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Friday, September 30, 2016

Is That Wise, Pig? by Jan Thomas

Today's guest blogger is Liesel Schmidt. Liesel is a Children's Librarian at Denver Public Library. Liesel is a former preschool teacher and she gets excited about books that get young children reading.

Image from simonandschuster.com
Jan Thomas, author of such wonderfully silly books as Can You Make a Scary Face? and Is Everyone Ready for Fun? has a new book out and it is just as goofy as one might hope. Is That Wise, Pig? gives us the tale of three friends and their collaborative soup-making venture. Cow and Mouse assiduously add vegetables such as onion and cabbage to the big red soup pot, while Pig attempts to add galoshes and umbrellas, prompting the question, “Is that wise, Pig?” As the animals add ingredients to the soup, the number of ingredients increases, from one onion, to two cabbages, to three umbrellas. Lots of specific vegetables are introduced, from carrots to Brussels sprouts. Finally, Pig, Mouse and Cow find a use for the galoshes and umbrella after all, in a giggle-inducing ending. It is a goofy book about a warm and welcoming friendship. How does it fit into the Geisel Award criteria?

Is the subject matter intriguing enough to motivate a new reader? The plot is carefully structured around the creation of the soup. Readers will know to expect that the number of ingredients will keep increasing, following the structure of a counting book. Into this steady, predictable narrative structure, comes Pig, disrupting the flow and adding suspense. Kids will laugh to see their expectations thrown off course. These elements create the "page-turning dynamic" that the Geisel Award requires.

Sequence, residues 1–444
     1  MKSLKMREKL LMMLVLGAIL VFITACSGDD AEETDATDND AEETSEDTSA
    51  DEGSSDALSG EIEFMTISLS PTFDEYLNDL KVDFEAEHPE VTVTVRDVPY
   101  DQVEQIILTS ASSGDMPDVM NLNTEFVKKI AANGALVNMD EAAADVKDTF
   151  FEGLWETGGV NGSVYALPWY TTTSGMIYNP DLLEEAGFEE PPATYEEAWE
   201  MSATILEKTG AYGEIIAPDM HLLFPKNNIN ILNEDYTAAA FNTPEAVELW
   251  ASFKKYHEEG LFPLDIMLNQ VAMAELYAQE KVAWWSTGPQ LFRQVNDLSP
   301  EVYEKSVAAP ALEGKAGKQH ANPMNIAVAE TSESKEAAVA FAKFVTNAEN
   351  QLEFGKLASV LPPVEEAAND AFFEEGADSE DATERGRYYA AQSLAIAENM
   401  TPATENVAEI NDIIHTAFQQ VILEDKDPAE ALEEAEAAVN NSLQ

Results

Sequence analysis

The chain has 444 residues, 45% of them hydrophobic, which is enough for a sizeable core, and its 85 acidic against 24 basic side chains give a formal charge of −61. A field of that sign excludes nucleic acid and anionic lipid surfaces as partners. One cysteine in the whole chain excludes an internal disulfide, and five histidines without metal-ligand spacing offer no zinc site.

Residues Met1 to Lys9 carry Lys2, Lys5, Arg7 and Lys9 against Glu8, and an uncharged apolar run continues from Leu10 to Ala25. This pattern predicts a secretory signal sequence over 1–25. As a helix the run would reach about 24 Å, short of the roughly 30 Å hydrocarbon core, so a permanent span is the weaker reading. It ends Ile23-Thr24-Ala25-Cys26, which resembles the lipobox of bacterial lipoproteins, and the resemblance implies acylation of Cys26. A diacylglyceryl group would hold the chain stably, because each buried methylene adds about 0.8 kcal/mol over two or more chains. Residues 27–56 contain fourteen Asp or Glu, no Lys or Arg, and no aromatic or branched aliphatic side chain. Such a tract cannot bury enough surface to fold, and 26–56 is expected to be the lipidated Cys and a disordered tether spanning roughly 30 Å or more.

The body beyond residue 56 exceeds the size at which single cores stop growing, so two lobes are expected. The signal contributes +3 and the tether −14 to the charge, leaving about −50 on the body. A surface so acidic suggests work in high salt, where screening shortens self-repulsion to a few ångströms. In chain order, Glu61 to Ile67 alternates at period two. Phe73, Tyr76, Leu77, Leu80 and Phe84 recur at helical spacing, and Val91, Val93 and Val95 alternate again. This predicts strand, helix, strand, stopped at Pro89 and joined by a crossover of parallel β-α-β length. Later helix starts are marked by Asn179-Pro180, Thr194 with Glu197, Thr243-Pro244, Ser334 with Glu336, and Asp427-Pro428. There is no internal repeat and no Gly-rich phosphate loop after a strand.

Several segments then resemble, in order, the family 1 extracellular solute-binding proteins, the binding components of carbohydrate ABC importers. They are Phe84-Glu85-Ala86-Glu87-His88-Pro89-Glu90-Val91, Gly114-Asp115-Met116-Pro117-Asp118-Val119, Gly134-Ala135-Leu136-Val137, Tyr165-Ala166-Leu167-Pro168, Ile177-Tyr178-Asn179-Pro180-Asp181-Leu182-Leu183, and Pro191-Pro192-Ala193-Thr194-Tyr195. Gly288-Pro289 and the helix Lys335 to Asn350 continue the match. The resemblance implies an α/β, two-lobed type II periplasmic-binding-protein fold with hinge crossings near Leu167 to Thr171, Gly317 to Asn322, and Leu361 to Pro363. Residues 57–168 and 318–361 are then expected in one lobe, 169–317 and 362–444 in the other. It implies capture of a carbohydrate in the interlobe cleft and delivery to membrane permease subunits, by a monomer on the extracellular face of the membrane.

Are new words added slowly enough to make learning them a positive experience? This book has quite specific vocabulary for a beginning reader. Terms like Brussels sprouts and cabbages may be unfamiliar to someone just learning to read. The challenge of these words is helped by Thomas’ clear, bold illustrations of the vegetables. The action of making soup may also provide a clue to readers. Savvy young readers will know to expect Cow and Mouse to be adding vegetables to the soup, which will provide a clue as to the meaning of the words. This will make Pig’s addition of galoshes even more challenging, however.

Are words repeated to ensure knowledge retention? This book is full of repetition, used to humorous effect. In particular, the refrain, “Is that wise, Pig?” is repeated often enough to allow readers to become comfortable with the words and the joke behind them. The plentiful repetition provides support for the young reader. The repetition of vocabulary, in combination with reinforcement from Thomas’ illustrations may provide readers with enough help to navigate challenging words.

Are the sentences simple and straightforward? Thomas excels at imbuing simple, declarative sentences with mischief. Each time the friends ask, “Is that wise, Pig?” Pig answers, “Oh. I guess not,” and the illustrations show us Pig’s puzzled face. No sentence in the book is longer than seven words.

Is That Wise, Pig? is a funny and big-hearted book that manages to meet many of the goals of a beginning reader. What did you think? Will it win the Geisel?

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